Street food prices creep upwards

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This looks like the exception rather than the rule as street food prices inch up.

Curry Mee in Penang
Still a few bargains around – but extra charge for toppings! – Photograph: Papa Sensible

These are the prices we are seeing these days, while others have hiked their prices even further.

Won Ton Mee
These are the sort of prices we are seeing these days, and even higher – Photograph: Papa Sensible

Thanks to blog visitor Papa Sensible for the photos.

In places where the prices haven’t increased, chances are serving portions have grown smaller. I know the local thosais have shrunk to about two thirds their previous size, the coconut chutneys look a bit more watery …

Tell me, what is it like elsewhere in Malaysia?

READ MORE:  Why Penang is no. 2 in CNN's best places to visit in 2017
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Fakri
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Fakri

Our national carrier MAS is introducing ‘Nasi Lemak Telanjang’ to its in-flight customers in Tahun Melawat Malaysia to showcase austerity drive in Malaysia on costing on food. Of course, Chef Wan did no approve it.

http://www.newsabahtimes.com.my/nstweb/fullstory/75056

I suppose it is inspired by Menu Rakyat 1Malaysia?
http://www.fz.com/content/have-nasi-lemak-telanjang-bon-appetit

rick
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rick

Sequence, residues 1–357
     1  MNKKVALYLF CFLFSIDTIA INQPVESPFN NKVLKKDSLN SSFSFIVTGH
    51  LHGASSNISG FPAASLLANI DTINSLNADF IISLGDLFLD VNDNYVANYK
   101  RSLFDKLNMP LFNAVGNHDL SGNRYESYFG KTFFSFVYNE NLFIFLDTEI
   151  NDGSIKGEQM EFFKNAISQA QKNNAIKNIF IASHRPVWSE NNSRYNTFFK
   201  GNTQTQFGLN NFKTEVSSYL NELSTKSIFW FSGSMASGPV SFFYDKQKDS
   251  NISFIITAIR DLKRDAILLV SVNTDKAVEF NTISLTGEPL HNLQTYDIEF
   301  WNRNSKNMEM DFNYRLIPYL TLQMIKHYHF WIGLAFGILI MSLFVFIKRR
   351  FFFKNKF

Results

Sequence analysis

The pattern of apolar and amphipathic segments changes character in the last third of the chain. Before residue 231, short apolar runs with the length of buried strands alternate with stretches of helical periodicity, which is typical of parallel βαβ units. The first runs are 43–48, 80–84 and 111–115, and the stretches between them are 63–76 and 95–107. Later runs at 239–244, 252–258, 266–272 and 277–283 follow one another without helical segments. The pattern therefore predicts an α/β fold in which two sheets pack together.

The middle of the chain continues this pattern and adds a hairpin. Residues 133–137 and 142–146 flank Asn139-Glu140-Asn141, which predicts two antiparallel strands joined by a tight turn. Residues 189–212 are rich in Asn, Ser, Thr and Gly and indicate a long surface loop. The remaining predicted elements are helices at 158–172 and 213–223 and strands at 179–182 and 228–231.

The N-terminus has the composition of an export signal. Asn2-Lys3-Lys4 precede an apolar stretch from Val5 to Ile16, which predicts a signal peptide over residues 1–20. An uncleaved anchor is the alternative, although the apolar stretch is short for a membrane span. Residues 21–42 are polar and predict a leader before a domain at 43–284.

This is a reflection of MAS share price. Used to be RM5.50 not too long ago, now only 31 sen!
It does not help when your PM has no confidence to fly on MAS.

rick
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rick

Price hike is unavoidable as these hawkers need to feed their family too.
The Pantau Harga Squad should check on IPPs and toll operators.

Phua Kai Lit
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Phua Kai Lit

It’s also cost-push inflation (e.g. higher cost of sugar, higher cost of petrol for one’s business van, higher electricity bill for one’s shop) plus an individuals not wanting to “lose out”, so the individual also raises prices.

Phua Kai Lit
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Phua Kai Lit

It’s like Mom-and-Pop corner sundry shops (higher prices, better service, friendly to regular shoppers) versus the big hypermarkets (lower prices, customers are friends? are you crazy?). But the former provide jobs for locals who can also be owners/entrepreneurs. While the latter provide McJobs. (It’s similar to the “Is Walmart good for the local economy?” type arguments in the USA. Squeezing local small businesses out of existence, while providing poorly-paying jobs with poor working conditions to its employees). Street hawkers provide skillfully cooked food (assuming the food is also hygienically prepared) while food courts are more likely to, increasingly, provide processed… Read more »

JohanssmKhunPana
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JohanssmKhunPana

A plate of the Char Kueh Teow from the street vendors in Penang starts from rm 7.50 and beyond.
Add in a glass of beverage/drinks and there goes another rm 2.50.
Patrons have to endure dust and hazards
Slightly cheaper to order a set meal from the fast food restaurant.which offers air-conditioning ,proper lighting & chairs ,clean toilet facilities and WiFi.
Something is wrong with the pricing.
.And street vendors normally blame the high cost of raw materials and difficulty hiring helpers.
When fast food chain of restaurants are able to offer lower price, something is not right with the street vendors.

bigjoe99
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In KL, most places its even hard to find anything at RM5, RM5:50-RM7.50 the norm So Penangites are still lucky…

John Lee
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in fact Penang food I would say more expensive due to small portion, sometime one bowl just cant feel the stomach you need 2 bowl that add up almost equivalent to KL standard of one bowl. That’s why food in Penang more expensive…